Ocado’s joint venture with Marks and Spencer lost about £35m in sales due to a fire at its Erith warehouse in south-east London over the summer, the online supermarket said on Tuesday. The company added it faces a bill of up to £5m this year because of the rising cost of large goods vehicle and delivery drivers. A surge in online shopping during the pandemic coupled with a national driver shortage caused by Brexit has forced Ocado, and other supermarket groups, to raise hourly rates and offer signing-on bonuses. The company said revenues fell 1.8% in the first six weeks of its third quarter; however, in the remaining seven weeks, ending August 29th, they dropped 10.6%. Overall quarterly revenue dropped 10.6% to £517.5m, while average orders a week increased 1.4% to 338,000.
FSCS uncovers adviser phoenixes at CMC firms
The Financial Services Compensation Scheme (FSCS) has alerted the Financial Conduct Authority (FCA) to 412 cases where advisers who worked at firms that defaulted had joined a claims management company (CMC) to bring claims against their previous firm, a practice known as phoenixing. The FSCS has identified 145 such advisers so far in 2021, having previously flagged 267 others to the financial watchdog. In 2020, the FSCS also identified 150 individuals who worked at defaulted advice firms and re-emerged within active regulated IFAs. Earlier this year, the FCA announced proposals that would see CMCs banned from managing FSCS claims to which they have a relevant connection.
JD Sports chief defends £4.3m bonus
JD Sports boss Peter Cowgill has defended his £4.3m bonus as profits surged. Data show he received £5m last year, including £4.3m in bonuses, even after a voluntary salary cut of 75%. Critics have suggested that the executive chairman should not have received the pay-out after JD received £100m worth of Government support during the pandemic. However, Mr Cowgill said “numbers speak for themselves,” with half-year profits up £300m to a record £364.6m. He added that his bonus payment “was exaggerated” because it had been for 2017 to 2019 and he had deferred it to “show leadership from the front, even though it was overdue.”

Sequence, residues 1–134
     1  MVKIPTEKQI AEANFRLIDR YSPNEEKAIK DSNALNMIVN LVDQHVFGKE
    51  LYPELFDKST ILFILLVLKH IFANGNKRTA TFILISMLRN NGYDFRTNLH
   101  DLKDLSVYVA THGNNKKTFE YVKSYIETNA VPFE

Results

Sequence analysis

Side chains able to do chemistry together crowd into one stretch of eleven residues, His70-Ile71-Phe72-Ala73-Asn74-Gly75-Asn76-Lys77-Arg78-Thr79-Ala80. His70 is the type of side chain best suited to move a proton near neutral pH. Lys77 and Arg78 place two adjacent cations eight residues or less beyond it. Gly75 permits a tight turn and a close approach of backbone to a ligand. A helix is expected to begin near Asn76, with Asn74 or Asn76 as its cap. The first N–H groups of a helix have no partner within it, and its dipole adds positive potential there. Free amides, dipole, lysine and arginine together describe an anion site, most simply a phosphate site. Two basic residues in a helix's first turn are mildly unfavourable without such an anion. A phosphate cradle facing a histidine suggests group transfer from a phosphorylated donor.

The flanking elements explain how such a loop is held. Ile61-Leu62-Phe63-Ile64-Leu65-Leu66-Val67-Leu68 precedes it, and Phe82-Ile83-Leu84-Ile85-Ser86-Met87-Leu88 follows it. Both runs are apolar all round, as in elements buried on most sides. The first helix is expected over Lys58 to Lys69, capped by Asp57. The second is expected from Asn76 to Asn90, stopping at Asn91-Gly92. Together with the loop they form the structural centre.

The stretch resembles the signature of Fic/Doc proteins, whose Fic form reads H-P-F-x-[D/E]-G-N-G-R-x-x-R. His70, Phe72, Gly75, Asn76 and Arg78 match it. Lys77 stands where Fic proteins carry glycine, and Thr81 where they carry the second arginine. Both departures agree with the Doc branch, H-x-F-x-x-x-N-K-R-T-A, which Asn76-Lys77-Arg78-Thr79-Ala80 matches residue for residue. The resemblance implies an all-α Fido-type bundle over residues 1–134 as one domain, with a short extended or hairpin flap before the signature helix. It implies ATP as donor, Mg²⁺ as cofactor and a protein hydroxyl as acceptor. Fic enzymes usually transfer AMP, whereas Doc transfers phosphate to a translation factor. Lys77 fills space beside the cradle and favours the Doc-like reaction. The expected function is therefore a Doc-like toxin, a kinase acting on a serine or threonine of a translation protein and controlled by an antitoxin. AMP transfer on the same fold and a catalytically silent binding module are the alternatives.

Uber loses court fight in Netherlands over drivers' rights
A court in the Netherlands has ruled that Uber drivers are employees and not contractors, and are thus entitled to greater workers' rights under local labour laws. The Amsterdam District Court sided with the Federation of Dutch Trade Unions (FNV), which had argued that the ride-hailing company's roughly 4,000 drivers in the Dutch capital should enjoy benefits in line with the taxi sector. The court’s decision comes months after a similar UK court ruling led to the San Francisco-headquartered firm agreeing a groundbreaking union deal in Britain. "The legal relationship between Uber and these drivers meets all the characteristics of an employment contract," and drivers are covered by a collective labour agreement for taxi drivers, the court said, adding "This means that Uber is obligated to institute a labour contract with drivers . . . and therefore means these drivers are entitled to backpay in certain circumstances."  The judges also ordered Uber to pay €50,000 ($59,000) in damages to the FNV for not adhering to a collective labour agreement. Uber said it would appeal the ruling. "We are disappointed with this decision because we know that the overwhelming majority of drivers wish to remain independent," Maurits Schoenfeld, Uber’s Northern Europe general manager, said, adding "Drivers don’t want to give up their freedom to choose if, when and where to work." The FNV welcomed the ruling. "Due to the judge's ruling, the Uber drivers are now automatically employed by Uber," said Zakaria Boufangacha, FNV's deputy chairman. "As a result, they will receive more wages and more rights in the event of dismissal or illness, for example."
Job vacancies in UK hit a record high